ADHD symptoms and treatments appear to be connected to levels of the neurotransmitter dopamine.

Share on Pinterest
chee gin tan/Getty Images

People with attention deficit hyperactivity disorder (ADHD) may have different levels of dopamine than neurotypical people.

Medications that treat ADHD symptoms also typically affect neurotransmitters in the brain, including dopamine.

If you live with ADHD, understanding the connection between your condition and dopamine may help you better figure out how your brain works and what treatments might be right for you.

Medical professionals are still trying to fully understand the role of dopamine levels in ADHD. But ADHD and dopamine do appear linked.

Older research in 2009 suggests that people with ADHD may have lower levels of dopamine.

Dopamine is a chemical in the brain — aka a neurotransmitter — that plays a role in experiencing happiness and pleasure. Pleasurable activities, such as socializing and exercising, can raise levels of dopamine, making you more likely to do those things again.

The brain releases dopamine when you engage in pleasurable behaviors.

A study in 2008 found that people with ADHD can sometimes have genes that lead to a lack of dopamine.

People who have a dopamine receptor gene variation called 7R are believed to be more likely to engage in behaviors that could have harmful consequences — like financial risk taking or heavy alcohol use. According to 2018 research, these people may be more likely to have ADHD as well.

Note that a lack of dopamine is only one potential risk factor for developing ADHD. Other neurotransmitters are also involved, as are environmental and genetic factors.

People often use medication to help them manage their ADHD symptoms, like impulsivity or trouble focusing.

Scientists have used the knowledge we have about ADHD and the brain to determine what types of meds are most helpful for treating ADHD. Some ADHD medications increase dopamine levels in the brain.

Stimulants — which increase dopamine levels — are often prescribed for ADHD because they help increase focus.

Some common stimulants include:

Some people also use non-stimulants to manage ADHD. If you have substance use issues or may be more likely to misuse a stimulant, non-stimulants may be recommended.

Atomoextine (Strattera) is one alternative to stimulants.

A doctor may also prescribe antidepressant medications to increase dopamine levels in the brain. Since antidepressants aren’t approved to formally treat ADHD, this would be considered off-label use.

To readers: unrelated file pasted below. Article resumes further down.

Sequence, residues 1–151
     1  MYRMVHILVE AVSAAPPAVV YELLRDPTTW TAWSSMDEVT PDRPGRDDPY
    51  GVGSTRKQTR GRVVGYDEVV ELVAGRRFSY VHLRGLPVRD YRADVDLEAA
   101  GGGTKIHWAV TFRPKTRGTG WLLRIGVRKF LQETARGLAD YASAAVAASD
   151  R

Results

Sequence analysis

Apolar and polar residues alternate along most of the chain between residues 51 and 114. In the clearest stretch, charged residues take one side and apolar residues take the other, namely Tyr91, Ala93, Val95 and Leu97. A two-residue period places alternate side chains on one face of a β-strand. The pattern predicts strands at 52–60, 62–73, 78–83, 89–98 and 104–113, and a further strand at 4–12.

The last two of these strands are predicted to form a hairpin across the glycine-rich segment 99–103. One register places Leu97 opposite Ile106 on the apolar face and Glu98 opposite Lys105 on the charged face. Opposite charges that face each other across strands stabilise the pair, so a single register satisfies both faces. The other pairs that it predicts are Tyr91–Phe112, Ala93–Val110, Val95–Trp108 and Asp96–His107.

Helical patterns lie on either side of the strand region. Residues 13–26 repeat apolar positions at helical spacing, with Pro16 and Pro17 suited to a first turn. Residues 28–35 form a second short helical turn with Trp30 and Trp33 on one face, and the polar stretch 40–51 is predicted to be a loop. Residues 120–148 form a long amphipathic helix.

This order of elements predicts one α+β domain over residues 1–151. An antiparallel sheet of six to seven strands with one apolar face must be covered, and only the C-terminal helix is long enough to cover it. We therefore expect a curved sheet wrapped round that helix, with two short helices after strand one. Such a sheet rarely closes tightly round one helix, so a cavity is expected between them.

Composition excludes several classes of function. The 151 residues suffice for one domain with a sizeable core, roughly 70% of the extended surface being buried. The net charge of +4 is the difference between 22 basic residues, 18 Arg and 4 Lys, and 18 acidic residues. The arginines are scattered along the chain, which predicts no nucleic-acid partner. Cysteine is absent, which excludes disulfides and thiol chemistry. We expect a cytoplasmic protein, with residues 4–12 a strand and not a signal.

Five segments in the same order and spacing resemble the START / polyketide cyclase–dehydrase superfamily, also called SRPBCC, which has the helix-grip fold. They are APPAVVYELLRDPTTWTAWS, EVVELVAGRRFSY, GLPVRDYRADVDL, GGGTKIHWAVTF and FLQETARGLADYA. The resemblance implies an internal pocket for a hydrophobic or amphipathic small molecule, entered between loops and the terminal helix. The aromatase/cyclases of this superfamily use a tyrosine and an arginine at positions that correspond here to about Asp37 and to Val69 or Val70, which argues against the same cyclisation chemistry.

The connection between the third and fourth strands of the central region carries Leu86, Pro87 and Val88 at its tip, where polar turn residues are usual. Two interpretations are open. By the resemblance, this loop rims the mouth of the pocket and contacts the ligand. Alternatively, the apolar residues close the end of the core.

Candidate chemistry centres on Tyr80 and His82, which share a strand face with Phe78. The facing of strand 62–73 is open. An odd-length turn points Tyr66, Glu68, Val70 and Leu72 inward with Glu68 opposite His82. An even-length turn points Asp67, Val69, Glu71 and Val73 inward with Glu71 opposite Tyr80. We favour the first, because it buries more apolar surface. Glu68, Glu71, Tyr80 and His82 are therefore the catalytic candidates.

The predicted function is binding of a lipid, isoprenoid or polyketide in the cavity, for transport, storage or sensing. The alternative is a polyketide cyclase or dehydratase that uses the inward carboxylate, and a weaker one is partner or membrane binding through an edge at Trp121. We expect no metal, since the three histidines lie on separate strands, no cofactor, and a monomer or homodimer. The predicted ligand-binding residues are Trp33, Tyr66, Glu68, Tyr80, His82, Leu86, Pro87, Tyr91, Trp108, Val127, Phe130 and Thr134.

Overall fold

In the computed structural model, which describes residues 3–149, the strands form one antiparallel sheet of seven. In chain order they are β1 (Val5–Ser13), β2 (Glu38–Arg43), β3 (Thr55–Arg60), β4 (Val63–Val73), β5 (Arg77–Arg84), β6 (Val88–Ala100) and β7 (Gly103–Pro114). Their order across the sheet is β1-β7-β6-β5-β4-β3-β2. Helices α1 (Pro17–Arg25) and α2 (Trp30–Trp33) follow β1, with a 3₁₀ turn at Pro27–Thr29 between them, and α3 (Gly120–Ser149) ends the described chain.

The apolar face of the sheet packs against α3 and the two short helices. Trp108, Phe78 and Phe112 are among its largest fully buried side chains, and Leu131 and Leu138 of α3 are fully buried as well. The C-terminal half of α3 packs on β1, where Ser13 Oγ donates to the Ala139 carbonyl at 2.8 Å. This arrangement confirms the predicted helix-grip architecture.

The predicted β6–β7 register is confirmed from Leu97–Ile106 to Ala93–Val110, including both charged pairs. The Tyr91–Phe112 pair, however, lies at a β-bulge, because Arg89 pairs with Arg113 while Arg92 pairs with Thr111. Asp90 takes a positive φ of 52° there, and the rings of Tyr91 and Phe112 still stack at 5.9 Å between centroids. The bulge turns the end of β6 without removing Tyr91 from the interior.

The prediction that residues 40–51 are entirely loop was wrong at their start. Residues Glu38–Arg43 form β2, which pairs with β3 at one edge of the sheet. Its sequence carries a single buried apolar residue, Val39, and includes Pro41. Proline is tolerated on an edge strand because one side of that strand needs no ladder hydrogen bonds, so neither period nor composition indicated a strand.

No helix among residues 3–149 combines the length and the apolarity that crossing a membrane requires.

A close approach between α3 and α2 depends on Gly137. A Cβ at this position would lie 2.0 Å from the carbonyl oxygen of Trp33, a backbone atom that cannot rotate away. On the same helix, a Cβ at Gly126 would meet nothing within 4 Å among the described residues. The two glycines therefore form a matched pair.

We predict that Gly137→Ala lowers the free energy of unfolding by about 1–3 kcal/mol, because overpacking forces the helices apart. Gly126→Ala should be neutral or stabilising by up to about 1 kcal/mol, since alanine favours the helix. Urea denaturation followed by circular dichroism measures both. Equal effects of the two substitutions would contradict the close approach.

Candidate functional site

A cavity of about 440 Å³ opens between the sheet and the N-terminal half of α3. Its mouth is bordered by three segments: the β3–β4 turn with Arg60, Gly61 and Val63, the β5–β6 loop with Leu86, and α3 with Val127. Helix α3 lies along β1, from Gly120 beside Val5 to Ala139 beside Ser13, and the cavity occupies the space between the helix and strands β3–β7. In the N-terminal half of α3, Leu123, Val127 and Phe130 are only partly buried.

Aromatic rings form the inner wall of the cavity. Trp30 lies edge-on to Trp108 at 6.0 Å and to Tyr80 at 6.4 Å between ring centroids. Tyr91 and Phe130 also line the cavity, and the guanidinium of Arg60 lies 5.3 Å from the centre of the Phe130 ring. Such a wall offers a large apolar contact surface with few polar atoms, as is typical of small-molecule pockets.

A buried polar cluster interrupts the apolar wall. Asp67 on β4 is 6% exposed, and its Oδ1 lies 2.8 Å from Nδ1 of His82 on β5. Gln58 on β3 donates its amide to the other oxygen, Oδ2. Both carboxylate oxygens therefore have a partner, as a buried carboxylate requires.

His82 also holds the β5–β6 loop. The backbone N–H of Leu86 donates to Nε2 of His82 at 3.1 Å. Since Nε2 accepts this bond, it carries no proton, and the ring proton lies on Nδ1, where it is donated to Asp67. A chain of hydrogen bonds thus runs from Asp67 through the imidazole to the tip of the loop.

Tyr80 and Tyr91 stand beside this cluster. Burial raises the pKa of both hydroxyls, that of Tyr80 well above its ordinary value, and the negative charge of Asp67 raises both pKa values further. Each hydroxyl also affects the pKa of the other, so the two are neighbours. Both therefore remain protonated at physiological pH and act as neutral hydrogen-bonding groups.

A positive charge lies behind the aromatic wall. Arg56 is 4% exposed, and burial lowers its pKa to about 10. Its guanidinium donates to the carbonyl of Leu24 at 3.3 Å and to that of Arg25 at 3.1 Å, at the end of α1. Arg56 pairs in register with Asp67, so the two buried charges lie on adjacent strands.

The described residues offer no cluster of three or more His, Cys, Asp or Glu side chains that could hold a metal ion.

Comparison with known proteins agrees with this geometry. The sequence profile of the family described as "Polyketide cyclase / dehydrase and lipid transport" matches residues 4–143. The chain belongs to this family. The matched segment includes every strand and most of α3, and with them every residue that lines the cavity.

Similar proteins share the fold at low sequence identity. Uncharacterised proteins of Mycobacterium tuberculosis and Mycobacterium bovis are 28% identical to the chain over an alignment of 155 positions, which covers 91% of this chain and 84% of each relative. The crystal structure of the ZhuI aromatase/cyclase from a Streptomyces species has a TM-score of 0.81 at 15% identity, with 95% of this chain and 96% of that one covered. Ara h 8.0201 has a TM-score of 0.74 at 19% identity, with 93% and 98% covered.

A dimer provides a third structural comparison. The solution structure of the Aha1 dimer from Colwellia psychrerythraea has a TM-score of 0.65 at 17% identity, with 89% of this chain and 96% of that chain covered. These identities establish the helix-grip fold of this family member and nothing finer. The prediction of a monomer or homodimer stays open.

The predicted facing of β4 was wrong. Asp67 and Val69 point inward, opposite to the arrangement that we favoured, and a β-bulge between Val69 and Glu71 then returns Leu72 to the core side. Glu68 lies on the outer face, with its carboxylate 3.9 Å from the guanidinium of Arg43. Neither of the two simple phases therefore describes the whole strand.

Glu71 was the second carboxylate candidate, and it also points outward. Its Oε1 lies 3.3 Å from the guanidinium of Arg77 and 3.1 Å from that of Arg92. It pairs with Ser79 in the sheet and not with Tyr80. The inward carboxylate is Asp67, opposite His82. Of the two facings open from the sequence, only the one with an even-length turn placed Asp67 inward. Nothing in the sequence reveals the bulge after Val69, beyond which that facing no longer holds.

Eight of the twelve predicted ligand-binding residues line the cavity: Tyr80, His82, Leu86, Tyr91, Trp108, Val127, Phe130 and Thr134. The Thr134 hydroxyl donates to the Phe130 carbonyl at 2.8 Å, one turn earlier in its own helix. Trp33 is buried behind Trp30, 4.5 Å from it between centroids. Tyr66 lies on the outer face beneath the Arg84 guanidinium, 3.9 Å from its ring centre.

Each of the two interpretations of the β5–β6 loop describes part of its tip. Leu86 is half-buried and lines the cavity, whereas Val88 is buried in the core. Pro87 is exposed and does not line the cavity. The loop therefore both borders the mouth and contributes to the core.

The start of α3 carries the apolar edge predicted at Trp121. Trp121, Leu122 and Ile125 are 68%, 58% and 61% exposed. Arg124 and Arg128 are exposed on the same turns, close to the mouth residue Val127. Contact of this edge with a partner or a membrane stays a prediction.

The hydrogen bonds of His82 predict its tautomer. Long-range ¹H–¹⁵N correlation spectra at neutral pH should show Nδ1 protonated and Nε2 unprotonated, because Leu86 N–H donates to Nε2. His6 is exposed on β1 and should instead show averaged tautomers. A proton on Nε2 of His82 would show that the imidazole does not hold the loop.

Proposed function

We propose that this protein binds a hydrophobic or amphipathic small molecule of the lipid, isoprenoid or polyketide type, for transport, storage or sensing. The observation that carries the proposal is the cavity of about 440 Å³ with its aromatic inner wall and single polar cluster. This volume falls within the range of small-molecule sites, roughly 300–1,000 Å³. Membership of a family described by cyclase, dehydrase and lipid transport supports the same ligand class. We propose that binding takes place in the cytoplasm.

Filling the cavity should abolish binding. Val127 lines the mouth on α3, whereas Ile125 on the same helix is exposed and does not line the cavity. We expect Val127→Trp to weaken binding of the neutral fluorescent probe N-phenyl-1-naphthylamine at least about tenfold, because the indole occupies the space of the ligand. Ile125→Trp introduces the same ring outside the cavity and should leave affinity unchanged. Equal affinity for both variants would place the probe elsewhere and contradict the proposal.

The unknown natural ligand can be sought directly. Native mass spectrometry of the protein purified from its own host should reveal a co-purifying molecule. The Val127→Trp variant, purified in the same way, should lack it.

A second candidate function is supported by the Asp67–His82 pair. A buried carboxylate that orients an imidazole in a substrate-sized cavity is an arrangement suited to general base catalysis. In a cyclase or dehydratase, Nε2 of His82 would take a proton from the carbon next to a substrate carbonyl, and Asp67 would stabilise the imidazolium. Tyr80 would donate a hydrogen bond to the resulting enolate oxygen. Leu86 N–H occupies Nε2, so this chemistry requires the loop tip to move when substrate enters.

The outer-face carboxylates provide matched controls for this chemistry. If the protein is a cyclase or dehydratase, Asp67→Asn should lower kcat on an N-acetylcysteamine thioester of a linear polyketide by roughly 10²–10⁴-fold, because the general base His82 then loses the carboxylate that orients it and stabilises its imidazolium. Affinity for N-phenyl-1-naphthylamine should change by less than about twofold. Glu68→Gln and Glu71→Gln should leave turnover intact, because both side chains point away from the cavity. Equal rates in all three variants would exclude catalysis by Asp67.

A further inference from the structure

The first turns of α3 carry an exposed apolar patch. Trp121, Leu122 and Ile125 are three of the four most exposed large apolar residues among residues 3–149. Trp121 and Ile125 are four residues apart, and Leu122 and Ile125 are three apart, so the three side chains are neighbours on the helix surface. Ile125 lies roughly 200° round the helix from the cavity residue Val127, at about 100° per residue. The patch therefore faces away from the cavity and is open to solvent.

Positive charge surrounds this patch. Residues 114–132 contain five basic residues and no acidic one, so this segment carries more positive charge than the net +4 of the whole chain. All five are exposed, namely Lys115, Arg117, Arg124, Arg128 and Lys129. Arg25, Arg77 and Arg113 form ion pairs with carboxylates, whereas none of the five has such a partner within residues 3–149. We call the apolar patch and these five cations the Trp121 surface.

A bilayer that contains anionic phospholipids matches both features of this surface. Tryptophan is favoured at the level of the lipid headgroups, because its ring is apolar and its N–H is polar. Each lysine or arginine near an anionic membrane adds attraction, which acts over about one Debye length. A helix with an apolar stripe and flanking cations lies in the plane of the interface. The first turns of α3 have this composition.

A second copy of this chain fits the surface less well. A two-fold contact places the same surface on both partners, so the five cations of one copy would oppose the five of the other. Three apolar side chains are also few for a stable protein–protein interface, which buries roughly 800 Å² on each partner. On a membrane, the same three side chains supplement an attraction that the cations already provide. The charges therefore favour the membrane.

Another reason antidepressants may be used is because ADHD and depression can occur together. About 18.6% of adults with ADHD may also have depression.

Meds are just one tool to manage ADHD. You may also benefit from therapy to work on coping strategies and manage any other mental health conditions that happen alongside it, such as depression.

If you decide to try medication for ADHD, consider reaching out to a healthcare professional who has experience with ADHD. Especially in the beginning, it will be helpful to have someone knowledgeable to ask questions, monitor changes to your symptoms, and discuss potential side effects.

Having lower levels of dopamine is just one possible factor for developing ADHD. Other factors could also increase someone’s chances of having ADHD.

Causes and risk factors for ADHD include:

  • genetics (it may run in families)
  • childhood exposure to environmental toxins, such as lead
  • tobacco, drug, or alcohol use during pregnancy
  • brain injury
  • exposure to environmental hazards during pregnancy

People with ADHD may have lower levels of dopamine in their brains — a neurotransmitter that plays a role in pleasure, reward, and mood.

While researchers don’t fully understand the link between dopamine and ADHD, some ADHD medications like stimulants increase dopamine levels and have been shown to improve ADHD symptoms.

If you think you might benefit from an ADHD med, you can always reach out to a healthcare professional to discuss medication and other treatment options.